Polished Stainless Steel 1.
For minor scratches, in our experience, nothing is better than a jewelry cloth such as the Pioneer or Shino polishing cloth available from most watch suppliers.
It's a double cross.
The inner fabric is impregnated with red polishing powder (iron oxide or rouge).
The outer cloth protects your hands from nasty red stains and also serves as a final polish.
This jewelry polishing cloth is also perfect for gold.
You can also use a washable sylvette or double-sided jeweler's cloth, usually available at drug stores.
The only other tools you need are elbow strain and common sense.
For deep scratches, use Neverdal, usually available at drug stores and hardware stores.
Neverdal is cotton-soaked with a powerful cleaner or polisher.
It has an unpleasant odor (like car polish), but it works quickly and leaves only minor scratches that can be removed with a jewelry cloth.
And it has a high-gloss finish!
Caution: Highly polished stainless steel surfaces (or gold surfaces) will always leave microscopic scratches.
These ultra-fine scratches are only visible under bright light and from certain angles.
The only perfect finish is the factory finish.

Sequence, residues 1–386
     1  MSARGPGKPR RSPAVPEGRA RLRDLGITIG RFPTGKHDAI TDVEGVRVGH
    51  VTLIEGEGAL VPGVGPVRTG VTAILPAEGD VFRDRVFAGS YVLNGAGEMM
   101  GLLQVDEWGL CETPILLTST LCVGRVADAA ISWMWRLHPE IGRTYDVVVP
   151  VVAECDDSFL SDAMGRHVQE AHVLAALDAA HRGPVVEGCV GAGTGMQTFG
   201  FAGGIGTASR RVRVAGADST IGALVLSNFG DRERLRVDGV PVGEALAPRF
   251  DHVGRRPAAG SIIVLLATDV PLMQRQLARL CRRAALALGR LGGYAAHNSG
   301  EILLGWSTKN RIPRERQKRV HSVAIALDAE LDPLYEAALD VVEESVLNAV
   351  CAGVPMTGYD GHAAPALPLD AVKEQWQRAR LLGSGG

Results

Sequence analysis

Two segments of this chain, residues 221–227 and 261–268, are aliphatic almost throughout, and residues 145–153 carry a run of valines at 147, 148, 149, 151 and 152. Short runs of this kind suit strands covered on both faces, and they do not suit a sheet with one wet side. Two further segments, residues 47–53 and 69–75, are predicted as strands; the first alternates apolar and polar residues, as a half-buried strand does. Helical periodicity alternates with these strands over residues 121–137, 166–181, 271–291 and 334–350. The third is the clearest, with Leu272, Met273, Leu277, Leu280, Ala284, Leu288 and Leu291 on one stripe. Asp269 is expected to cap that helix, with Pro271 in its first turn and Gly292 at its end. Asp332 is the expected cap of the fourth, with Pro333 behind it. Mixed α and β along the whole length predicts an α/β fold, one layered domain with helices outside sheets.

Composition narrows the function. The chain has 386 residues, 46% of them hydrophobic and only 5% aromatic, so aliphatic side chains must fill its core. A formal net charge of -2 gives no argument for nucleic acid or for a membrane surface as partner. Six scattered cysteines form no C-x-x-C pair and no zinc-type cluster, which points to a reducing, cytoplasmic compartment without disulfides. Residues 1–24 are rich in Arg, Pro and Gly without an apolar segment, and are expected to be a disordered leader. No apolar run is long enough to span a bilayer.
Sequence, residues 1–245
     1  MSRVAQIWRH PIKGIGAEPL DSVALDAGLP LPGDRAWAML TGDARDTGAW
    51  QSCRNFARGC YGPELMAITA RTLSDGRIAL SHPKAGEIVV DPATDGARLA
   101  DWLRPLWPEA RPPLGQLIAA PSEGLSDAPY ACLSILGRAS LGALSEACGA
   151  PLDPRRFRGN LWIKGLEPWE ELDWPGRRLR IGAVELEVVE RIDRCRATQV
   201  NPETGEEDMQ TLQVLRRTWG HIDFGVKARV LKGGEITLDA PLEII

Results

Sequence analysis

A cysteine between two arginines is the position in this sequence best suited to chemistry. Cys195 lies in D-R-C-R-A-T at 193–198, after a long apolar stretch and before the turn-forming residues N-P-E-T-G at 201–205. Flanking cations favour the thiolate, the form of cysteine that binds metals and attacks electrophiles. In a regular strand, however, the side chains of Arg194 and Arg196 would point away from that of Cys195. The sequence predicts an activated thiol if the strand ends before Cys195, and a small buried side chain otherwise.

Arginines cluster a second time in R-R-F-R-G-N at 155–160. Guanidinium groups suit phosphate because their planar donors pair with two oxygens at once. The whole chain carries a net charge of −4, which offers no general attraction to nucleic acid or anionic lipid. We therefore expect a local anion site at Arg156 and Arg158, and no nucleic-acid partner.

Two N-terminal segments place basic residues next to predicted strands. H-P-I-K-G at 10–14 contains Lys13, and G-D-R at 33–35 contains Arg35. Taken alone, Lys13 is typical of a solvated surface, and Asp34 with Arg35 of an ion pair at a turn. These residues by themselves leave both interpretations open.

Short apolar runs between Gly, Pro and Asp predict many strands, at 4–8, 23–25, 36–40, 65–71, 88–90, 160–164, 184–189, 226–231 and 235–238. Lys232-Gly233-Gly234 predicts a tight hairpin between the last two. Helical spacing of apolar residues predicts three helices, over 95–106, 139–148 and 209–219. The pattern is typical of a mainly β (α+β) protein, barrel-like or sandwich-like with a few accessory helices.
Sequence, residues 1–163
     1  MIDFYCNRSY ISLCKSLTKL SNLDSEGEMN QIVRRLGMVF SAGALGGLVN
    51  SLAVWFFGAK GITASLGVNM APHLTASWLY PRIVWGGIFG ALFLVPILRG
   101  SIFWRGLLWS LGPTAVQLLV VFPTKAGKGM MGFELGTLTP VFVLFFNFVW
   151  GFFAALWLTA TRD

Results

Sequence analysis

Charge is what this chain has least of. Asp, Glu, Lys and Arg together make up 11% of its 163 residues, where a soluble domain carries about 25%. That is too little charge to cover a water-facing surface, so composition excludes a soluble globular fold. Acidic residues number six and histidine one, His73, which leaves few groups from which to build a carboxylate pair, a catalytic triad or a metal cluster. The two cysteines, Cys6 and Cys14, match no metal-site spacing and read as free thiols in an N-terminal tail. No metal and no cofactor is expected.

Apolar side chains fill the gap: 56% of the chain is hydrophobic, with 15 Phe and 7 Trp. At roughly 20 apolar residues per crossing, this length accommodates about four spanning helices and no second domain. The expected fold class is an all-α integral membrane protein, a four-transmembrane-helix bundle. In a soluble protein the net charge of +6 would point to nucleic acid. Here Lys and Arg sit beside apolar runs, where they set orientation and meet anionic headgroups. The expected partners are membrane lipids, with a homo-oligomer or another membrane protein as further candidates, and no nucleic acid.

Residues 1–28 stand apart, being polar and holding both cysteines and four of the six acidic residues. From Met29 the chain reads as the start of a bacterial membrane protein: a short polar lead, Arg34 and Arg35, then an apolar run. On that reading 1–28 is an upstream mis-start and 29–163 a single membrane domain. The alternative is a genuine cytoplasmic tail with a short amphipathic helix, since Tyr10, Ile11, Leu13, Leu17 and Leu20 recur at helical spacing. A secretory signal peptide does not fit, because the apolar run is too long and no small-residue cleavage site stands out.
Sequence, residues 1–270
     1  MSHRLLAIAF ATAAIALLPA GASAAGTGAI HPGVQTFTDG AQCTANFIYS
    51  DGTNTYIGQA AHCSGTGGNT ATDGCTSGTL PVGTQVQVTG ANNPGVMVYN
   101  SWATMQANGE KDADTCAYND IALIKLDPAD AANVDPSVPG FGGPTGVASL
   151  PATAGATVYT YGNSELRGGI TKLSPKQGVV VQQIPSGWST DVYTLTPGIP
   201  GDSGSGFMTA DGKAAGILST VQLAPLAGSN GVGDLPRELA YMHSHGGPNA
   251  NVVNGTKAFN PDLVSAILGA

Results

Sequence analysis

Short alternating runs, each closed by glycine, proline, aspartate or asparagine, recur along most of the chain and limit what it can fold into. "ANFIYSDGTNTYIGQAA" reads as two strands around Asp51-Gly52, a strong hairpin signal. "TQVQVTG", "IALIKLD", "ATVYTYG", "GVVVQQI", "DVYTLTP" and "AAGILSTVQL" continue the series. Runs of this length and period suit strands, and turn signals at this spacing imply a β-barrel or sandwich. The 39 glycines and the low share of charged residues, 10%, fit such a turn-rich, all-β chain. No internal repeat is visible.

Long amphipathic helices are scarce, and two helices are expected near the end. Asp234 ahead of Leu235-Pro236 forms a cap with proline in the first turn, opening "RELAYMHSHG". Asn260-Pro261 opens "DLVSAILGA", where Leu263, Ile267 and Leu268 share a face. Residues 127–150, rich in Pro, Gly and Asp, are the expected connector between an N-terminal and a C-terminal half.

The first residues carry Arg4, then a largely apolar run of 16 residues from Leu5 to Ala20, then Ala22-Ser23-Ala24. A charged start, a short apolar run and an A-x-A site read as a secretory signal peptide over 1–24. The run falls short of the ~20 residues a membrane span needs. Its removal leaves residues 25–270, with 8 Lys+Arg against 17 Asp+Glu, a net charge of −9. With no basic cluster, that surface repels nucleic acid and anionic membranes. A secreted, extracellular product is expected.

Even with work done by a jeweler, it is still inferior to the factory's high-gloss finish.
Brushed Stainless Steel 1.
Use a jewelry cloth to remove minor scratches.
If you're not careful, you'll end up with a shine that doesn't match the matte appearance of the surface.
In this case, you can reapply the brushed finish by following step 3 below.
Use a fiberglass brush for small scratches.
It looks like a mechanical pencil with a removable tip and a bundle of optical fibers instead of a core.
Use this fiberglass tip to brush SS surfaces to remove scratches and create a new brushed finish.
We do not recommend using this tool on large areas.
Brush strokes tend to be uneven, especially on curves, but you can get better with practice.
Warning: Broken glass fibers on the skin can cause unpleasant itching.
Wear thin latex gloves and use a brush to remove any fiberglass residue from your watch after repair.
For large scratches, use a Styrofoam nail polishing block (available at cosmetic stores).
Each block is approximately 1 inch thick and 3 inches long.
Its surface is impregnated with a very fine abrasive.
Gently brush along the grain of the wood to remove the scratches, and blend the new brush strokes with the original strokes.
I prefer this Styrofoam block to sandpaper or steel wool.
This is because it is easy to hold and operate.
Soft Styrofoam conforms to curved surfaces and has excellent flexibility.
This polystyrene polisher allows you to remove even deep dents and safely reshape small parts with patience.
A final note on steel The tips above are for repairing minor scratches that bother you, but they are not worth a trip to your local watch or jewelry store or shipping your watch.
If you are careful and patient, the results will be very satisfying.
However, we have found that for the full watch restoration that is often required when working with vintage watches, it is best to send the watch to a professional who has the right tools and skills for the job.
Gold or Platinum For gold-filled or gold-plated products, we recommend leaving them alone.
You may not want to removemore from the surface than is already present.